It surrounds us day and night. We breathe and swim in it, sustained by ignorance. Soaked in it as we are soaked in gravity.
Unable to see what we cannot imagine.
We are surrounded by it. It holds us up and walls us in. It is our deepest conviction and the line of the horizon beyond which nothing can be known.
We are at the epicenter of a crater, caught in the middle, surrounded by our own view.
But when the certainty of stone dissolves possibilities can seep over the lip of the crate into new landscapes.
Until then the facts are evident, strident as jutting bones, jointed and articulate. As brittle as eggs. As strong as ships. As long as the bridge from certainty to sure.
This building is a huge folly. Like one of those 18th century ornamental towers or pavilions, Melville Yard is a monumental conceit. An edifice built on whimsy. But of course, all history is a creative act. My sense of myself is entirely a collection of stories. I am the folly. I am the archive.
I am a monument to a mood, a remembrance of a graceful moment.
The twisting rope of a Hornbeam, knotting mountain and cloud in a fast embrace is no more binding than I am. I crumble the mortar between my cells in order to shelter the mice and lice who pray in my grottoes. I stare out day and night in expectation of a visit which never comes, for time flows only one way grooving through me like water. The other way ghosts travel, their vaporous breaths hanging in the quiet dusk like adolescent boys who are shocked to find themselves for once without walls, and to find themselves heavy with birth, and to find themselves weeping.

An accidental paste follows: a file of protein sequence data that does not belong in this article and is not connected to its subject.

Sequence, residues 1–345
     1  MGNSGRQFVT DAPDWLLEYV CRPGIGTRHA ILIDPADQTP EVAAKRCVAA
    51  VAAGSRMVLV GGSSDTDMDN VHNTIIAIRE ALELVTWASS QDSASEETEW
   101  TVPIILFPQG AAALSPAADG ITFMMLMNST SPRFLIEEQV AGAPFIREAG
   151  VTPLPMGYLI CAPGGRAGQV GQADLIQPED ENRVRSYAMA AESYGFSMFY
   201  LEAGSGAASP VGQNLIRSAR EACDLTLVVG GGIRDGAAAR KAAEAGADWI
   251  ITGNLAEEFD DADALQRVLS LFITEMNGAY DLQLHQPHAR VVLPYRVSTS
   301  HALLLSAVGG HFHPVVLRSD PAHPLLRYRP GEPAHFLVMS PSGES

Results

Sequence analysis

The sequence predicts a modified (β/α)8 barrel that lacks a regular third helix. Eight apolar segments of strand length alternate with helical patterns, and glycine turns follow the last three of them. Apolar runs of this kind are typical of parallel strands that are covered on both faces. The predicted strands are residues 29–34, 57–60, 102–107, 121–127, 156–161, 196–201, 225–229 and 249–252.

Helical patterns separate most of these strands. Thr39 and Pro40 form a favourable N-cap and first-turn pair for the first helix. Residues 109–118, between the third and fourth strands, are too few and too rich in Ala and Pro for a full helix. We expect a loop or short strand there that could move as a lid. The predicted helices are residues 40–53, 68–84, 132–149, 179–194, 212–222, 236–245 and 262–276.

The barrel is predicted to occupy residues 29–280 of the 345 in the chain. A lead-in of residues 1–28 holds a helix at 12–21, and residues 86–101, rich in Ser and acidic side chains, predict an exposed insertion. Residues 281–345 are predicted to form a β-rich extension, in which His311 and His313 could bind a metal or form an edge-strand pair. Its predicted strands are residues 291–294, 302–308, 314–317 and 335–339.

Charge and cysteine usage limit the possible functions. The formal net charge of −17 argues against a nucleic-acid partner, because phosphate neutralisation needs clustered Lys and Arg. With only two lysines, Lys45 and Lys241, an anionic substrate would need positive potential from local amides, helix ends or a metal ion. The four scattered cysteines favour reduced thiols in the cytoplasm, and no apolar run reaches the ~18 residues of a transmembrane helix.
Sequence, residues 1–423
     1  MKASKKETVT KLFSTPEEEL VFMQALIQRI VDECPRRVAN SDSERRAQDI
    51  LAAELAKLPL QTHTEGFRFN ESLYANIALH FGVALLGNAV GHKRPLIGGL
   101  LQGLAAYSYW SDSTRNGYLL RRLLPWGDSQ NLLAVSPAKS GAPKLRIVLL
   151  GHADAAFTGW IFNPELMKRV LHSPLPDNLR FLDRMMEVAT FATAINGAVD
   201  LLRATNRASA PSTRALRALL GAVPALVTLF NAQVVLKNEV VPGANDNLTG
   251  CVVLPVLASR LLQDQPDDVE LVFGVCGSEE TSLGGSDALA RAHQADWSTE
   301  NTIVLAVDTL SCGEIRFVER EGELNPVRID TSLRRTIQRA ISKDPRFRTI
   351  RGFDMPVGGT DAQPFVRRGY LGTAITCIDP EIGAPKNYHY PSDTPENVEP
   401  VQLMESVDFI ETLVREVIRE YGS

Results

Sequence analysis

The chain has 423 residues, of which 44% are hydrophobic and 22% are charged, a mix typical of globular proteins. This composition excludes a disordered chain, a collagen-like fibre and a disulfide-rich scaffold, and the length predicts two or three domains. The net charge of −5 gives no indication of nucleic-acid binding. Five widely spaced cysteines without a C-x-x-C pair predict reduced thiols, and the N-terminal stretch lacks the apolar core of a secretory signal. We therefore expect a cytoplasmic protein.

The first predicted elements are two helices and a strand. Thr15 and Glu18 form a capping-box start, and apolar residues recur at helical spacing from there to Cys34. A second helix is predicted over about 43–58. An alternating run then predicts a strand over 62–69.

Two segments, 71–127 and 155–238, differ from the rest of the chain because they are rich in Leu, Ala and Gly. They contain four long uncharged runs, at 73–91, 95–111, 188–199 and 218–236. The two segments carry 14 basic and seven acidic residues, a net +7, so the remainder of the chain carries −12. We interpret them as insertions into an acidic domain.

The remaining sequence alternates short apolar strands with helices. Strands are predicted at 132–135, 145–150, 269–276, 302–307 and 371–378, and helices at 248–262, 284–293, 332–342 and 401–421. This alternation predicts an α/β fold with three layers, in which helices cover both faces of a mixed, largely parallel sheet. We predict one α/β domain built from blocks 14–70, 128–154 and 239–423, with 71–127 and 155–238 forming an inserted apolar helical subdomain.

I am the guardian of an empty space. My responsibility is to see that no one takes away the nothing I sit by and fills it with themselves. The light songs of birds, and the trails of insects pass through the nothing that I watch and fall into it. And they become like dotted lines, and then sparkles, and then only a slight expectation in the space. These are the undulations of my fabric. They pass like breezes through my open windows. My things are left with you where you may enjoy each other. I lie beneath your parties, protecting the gaps for you to sway and breath in.
I am a sensation welling up as water does which winks through grass and opens itself in a rising sheet until a laketop of feelings quivers. I am the dust being born in the sunlight and dying again at its edge. I curl around the limbs of things penetrating them with my directness, shocking them with my uncompromising elements, which are brimming with the experience of things. I am the coursing you have felt when you are taken by surprise in a space between your intentions. I am the impact crater which is soundless and without a centre.